The simplest solution appears to be to leverage the existing interface and simply check for the presence of a Task (or Task<T>) return value. If detected, append a continuation to that Task to perform the desired functionality. For me this would be a continuation on both faulted and success (and maybe cancelled?) that would log the completion of the method. It seems like it would work, but I do have some concerns about the scheduling of the continuation and how that makes the code harder to reason about.

Luckily, someone has already written a reusable library together that allows for asynchronous interceptors via a slightly different interface.

This is attractive because its code that I don’t have to write (remember, I’m lazy), but it not being built into the core Castle library does make me question its legitimacy. Surely if it was that critical the maintainers would have updated Castle.Core?

Regardless, I explored using the library first, but in order to use it I had to go on an adventure to upgrade a bunch of our Nuget dependencies (because it relied on the latest version of Castle.Core), which meant updates to Castle, Ninject and Ninject’s extension libraries. This caused knock on effects because the Ninject.MockingKernel.NSubstitute library was not available for .NET 4.5 (even though all the others were), so I had to temporarily copy that particular implementation into our codebase.

Once everything was compiling, a full test run showed some failing tests that weren’t failing before the library upgrades, so I kind of stopped there.

For now.


Unfortunately this is one of those blog posts that comes off feeling a little hollow. I didn’t actually get to my objective (seamless per method logging for a third-party dependency), but I did learn a lot on the way, so I think it was still useful to write about.

Probably should have waited a little longer though, I jumped the gun a bit.

Its not the only time in recent memory that asynchronous behaviour has made things more difficult than they would have been otherwise. In an unrelated matter, some of our automated tests have been flakey recently, and the core of the issue seems to be asynchronous behaviour that is either a.) not being correctly overridden to be synchronous for testing purposes or b.) not correctly being waited for before tests proceed.

Its not hard to write tests that are purely async of course (NUnit supports tests marked with the async keyword), but when you’re testing a view model and the commands are “synchronous” it gets a bit more challenging.

That’s probably a topic for another day though.


I have an interface.

I’m sure you have some interfaces as well. If you don’t use interfaces you’re probably doing it wrong anyway.

My interface is a bit of a monolith, which happens sometimes. It’s not so big that I can justify investing the time in splitting it apart, but it’s large enough that its hard to implement and just kind of feels wrong. I don’t need to implement this interface manually very often (yay for mocking frameworks like NSubstitute) so I can live with it for now. Not everything can be perfect alas.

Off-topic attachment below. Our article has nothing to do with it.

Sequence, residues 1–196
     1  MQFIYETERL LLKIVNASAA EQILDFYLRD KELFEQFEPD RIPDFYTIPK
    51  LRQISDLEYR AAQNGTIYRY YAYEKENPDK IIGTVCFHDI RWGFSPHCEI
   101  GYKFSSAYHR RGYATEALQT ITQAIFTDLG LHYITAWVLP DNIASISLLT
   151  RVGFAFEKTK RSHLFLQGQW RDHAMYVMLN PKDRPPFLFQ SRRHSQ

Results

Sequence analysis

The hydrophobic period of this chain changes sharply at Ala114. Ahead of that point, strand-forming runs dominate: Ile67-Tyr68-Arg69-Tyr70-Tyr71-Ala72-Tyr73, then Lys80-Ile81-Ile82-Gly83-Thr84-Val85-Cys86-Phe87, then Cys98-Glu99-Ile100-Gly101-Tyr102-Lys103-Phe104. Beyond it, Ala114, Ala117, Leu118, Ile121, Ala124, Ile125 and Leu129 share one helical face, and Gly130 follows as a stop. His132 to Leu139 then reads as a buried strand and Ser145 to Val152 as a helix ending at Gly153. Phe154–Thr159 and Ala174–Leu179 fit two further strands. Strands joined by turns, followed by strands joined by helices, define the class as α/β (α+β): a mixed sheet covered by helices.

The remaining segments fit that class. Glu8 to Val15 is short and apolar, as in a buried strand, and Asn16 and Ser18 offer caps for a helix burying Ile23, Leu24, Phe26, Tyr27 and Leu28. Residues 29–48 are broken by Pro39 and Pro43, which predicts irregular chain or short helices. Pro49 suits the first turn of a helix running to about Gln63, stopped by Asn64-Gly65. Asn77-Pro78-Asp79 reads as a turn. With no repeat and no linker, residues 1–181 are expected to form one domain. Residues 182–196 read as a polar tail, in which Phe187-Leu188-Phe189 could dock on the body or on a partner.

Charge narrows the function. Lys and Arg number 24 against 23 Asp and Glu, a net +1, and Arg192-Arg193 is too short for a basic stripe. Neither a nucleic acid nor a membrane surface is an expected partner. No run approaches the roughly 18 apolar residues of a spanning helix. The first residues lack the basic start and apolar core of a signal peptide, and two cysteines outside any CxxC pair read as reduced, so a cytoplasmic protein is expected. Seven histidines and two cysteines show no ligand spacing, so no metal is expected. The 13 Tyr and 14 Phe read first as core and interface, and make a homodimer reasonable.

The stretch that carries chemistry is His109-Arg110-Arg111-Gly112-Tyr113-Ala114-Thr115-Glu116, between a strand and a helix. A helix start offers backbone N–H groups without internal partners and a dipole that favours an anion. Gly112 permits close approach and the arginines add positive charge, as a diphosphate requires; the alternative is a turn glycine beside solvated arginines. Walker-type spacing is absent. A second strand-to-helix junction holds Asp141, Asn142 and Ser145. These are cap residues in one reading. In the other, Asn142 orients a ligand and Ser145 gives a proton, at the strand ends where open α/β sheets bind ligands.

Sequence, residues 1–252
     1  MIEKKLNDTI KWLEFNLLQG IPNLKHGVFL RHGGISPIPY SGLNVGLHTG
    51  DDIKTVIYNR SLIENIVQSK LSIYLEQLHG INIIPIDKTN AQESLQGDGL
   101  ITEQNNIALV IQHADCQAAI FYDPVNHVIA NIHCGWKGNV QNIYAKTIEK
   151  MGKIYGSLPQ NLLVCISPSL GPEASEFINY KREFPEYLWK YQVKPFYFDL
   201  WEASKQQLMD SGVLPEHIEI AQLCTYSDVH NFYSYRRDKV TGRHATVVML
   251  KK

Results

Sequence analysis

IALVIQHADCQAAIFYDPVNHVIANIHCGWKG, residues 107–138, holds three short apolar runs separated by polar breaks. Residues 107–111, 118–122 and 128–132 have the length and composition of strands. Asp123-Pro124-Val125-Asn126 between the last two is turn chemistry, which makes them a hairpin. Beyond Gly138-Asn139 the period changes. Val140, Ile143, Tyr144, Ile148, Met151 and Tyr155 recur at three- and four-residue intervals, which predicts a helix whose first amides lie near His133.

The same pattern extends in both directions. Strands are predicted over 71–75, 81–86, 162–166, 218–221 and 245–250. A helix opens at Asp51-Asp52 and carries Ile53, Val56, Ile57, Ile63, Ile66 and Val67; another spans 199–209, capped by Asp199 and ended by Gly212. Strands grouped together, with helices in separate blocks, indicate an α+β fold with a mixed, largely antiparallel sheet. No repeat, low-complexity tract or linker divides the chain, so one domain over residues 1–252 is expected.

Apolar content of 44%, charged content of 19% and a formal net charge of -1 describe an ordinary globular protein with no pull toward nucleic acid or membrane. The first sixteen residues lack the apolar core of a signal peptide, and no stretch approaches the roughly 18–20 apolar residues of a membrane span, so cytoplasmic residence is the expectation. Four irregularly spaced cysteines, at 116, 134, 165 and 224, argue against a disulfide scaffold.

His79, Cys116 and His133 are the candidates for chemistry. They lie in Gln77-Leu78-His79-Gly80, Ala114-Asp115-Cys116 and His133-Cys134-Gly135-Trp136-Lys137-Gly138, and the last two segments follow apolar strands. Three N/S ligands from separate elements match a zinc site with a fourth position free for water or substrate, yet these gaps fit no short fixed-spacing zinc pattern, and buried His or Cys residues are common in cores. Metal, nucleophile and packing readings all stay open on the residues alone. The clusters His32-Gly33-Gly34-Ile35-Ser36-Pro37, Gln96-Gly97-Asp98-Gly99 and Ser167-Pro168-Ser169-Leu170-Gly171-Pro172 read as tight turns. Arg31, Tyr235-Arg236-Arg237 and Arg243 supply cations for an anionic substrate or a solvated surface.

This particular  interface allows a user to access a RESTful web service, and comes with some supporting data transfer objects.

I recently had the desire/need to see what would happen to the user experience of an application using this interface (and its default implementation) if the internet connection was slow, i.e. the calls to the service were delayed or timed out.

Obviously I could have implemented the interface with a wrapper and manually added slowdown/timeout functionality. As I mentioned previously though, there were enough methods in this interface that that sounded like a time consuming proposition. Not only that, but it would mean I would be tightly coupled to the interface, just to introduce some trivial slowdown code. If the interface changed, I would need to change my slowdown code. That’s bad, as the functionality of my code is distinctly separate from the functionality of the interface, and should be able to reuse that (admittedly trivial) code anywhere I like.

Plus I’m a lazy programmer. I’ll always go out of my way to write as little code as possible.

Aspect Oriented Programming

What I wanted to do was to be able to describe some behaviour about all of the calls on my interface, without actually having to manually write the code myself.

Luckily this concept has already been invented by people much smarter than me. Its generally referred to as Aspect Oriented Programming (AOP). There’s a lot more to AOP than just adding functionality unobtrusively to calls through an interface, but fundamentally it is about supporting cross cutting concerns (logging, security, throttling, auditing, etc) without having to rewrite the same code over and over again.

In this particular case I leveraged the IInterceptor interface supplied by the Castle.DynamicProxy framework. Castle.DynamicProxy is included in the Castle.Core package, and is part of the overarching Castle Project. It is a utility library for generating proxies for abstract classes and interfaces and is used by Ninject and NSubstitute, as well as other Dependency Injection and mocking/substitution frameworks.

Castle.DynamicProxy provides an interface called IInterceptor.

public interface IInterceptor